In the weeks since the District declared a state of emergency amid the coronavirus pandemic, the DC Medical Reserve Corps has received volunteer applications from hundreds of adults, of various backgrounds and levels of experience in the medical profession, who live in the D.C. metropolitan area.
The DC Medical Reserve Corps, in existence since the 2000s, supports the DC Department of Health in matters of public health emergency preparedness and response, much like what the District and the rest of the world is currently experiencing. Before entering the field, volunteers train with members of the Health Emergency Preparedness and Response Administration and learn about various aspects of the job, but none, perhaps, deemed more important than protecting oneself.
“We learned how to put on the personal protective equipment and how to take it off. It seemed to be the one thing they’re focusing on,” said Erin Lampron, a wife and mother of three from Vienna, Virginia, who attended last weekend’s medical reserve corps training at the DC Armory, the second of more to be scheduled.
During the training, she and dozens of other volunteers learned to execute some of their responsibilities as medical reserve corps members, including the collection of specimens during coronavirus testing. Despite the risk, health care workers and volunteers face in contracting the coronavirus, Lampron, while recalling memories of 9/11 and the D.C. sniper shootings, said she felt a sense of responsibility to assist in efforts to curb the coronavirus.
“They want to make sure we do it the right way,” Lampron told The Informer. “They taught us how to swab the nostril and take a sample. They fit us for a respirator. I thought the swab part would be very scary, but it wasn’t so bad.”
According to figures given by a D.C. Department of Health official, the DC Medical Reserve Corps currently has 3,300 members, 2,600 of whom recently applied. During training, volunteers learn emergency preparedness techniques. From that point on, they will remain on call to assist in either medical screening, patient tracking, distribution of medical supplies and assistance during planned and unplanned events.
On Saturday morning, nearly 40 people, wearing either jeans or sweats, started along their journey as medical reserve corps members. They stood around the main auditorium of the DC Armory, in spacious clusters and several feet away from uniformed service members, as they practiced social distancing and the proper application of their respirators, gloves and gowns.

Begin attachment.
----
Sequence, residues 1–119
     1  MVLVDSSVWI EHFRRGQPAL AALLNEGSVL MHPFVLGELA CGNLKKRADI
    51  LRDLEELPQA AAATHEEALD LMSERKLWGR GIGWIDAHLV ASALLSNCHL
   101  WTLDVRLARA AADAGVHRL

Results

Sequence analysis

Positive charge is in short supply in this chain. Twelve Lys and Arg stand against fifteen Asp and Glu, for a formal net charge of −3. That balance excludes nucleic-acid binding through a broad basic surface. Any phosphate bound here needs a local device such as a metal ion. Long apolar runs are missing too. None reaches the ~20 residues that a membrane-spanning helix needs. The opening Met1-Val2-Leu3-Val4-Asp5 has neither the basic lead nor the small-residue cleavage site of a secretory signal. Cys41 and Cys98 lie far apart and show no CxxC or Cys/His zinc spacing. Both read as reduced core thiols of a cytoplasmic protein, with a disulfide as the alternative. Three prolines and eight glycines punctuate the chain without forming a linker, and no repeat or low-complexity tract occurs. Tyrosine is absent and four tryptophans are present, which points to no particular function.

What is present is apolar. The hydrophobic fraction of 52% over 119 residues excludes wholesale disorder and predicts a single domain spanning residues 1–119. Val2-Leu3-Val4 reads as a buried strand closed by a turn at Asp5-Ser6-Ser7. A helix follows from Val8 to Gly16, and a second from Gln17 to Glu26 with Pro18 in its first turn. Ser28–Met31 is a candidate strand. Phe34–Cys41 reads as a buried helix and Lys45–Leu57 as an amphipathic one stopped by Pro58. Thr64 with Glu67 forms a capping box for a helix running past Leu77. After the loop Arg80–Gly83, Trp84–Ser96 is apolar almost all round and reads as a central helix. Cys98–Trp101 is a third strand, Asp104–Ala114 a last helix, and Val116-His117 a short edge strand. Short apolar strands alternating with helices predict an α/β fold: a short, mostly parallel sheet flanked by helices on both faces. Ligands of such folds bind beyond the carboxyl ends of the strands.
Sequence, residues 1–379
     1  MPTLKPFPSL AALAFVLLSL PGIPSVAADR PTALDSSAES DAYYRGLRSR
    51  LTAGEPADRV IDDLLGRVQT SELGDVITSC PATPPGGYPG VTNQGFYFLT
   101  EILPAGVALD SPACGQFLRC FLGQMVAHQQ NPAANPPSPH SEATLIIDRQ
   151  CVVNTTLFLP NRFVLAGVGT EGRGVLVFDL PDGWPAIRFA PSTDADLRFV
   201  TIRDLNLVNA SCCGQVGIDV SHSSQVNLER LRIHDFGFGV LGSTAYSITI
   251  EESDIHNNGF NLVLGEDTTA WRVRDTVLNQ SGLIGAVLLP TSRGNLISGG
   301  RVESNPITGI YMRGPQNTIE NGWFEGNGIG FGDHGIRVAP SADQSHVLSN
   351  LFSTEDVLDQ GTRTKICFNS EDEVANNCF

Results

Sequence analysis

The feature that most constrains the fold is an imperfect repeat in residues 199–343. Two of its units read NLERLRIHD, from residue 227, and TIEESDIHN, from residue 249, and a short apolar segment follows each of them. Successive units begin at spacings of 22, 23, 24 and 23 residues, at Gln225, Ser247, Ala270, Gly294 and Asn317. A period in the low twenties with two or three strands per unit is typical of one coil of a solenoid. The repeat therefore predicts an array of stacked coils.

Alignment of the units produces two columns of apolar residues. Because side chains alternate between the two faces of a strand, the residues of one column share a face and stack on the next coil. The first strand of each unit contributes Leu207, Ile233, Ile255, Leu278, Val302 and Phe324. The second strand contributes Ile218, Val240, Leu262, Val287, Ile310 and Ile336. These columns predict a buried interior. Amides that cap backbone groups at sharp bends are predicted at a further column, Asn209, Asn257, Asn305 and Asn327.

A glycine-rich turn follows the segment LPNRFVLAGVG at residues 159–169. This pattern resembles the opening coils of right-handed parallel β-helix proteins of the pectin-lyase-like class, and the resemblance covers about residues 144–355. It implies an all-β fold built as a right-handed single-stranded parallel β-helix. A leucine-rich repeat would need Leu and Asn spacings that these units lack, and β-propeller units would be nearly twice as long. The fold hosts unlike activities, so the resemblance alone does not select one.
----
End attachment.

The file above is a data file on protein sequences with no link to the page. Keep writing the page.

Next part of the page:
That night, just hours after training ended, the health department reported that the number of District-based coronavirus deaths reached five, with the latest death following that of George Valentine, deputy director of the Mayor’s Office of Legal Counsel. This month, the department has reported more than 340 positive cases of the coronavirus, 38 of which had been recorded over the weekend.
Since the District’s first positive coronavirus case, at least a dozen D.C. firefighters counted among those who contracted it. In hospitals across the region, health care workers have reportedly expressed fears that they could spread COVID-19 to loved ones and patients.
Often, Health Director LaQuandra Nesbitt has spoken about the need to protect health care workers and preserve the stock of personal protective equipment, otherwise known as PPEs. D.C. Mayor Muriel Bowser (D), in her appeals to the Trump administration and Congress members for equitable support, espoused the District’s need for an organized and federally funded medical supply chain.
Since declaring a public health state of emergency, the D.C. government has spent more than $53 million in combating the coronavirus, a portion of which was used for the purchase of PPEs and ventilators. In the launch of coronavirus sites, health care workers who have a referral and show coronavirus symptoms have priority at drive-through and walk-through testing sites opening in the District — including MedStar, Kaiser Permanente sites and one soon coming to United Medical Center at a time not disclosed by health department officials.
Saturday’s medical reserve corps training happened in partnership with the D.C. Fire Department and the GW Medical Faculty Associates. Patrick Ashley, senior deputy director of the Health Emergency Preparedness and Response Administration, said his office will work with volunteers and place them, in what he described as support missions, at drive-thru and walk-through testing sites in various roles.
“We have at least one more training planned. There will be additional training as the response continues to evolve,” Ashley told The Informer. “As part of the application process, we ask about their professional credentials and what missions are the most appropriate. Within their scope of practice, some learn about the medical missions and nonmedical [volunteers] support the mission in administrative and operational tasks and supporting overall.”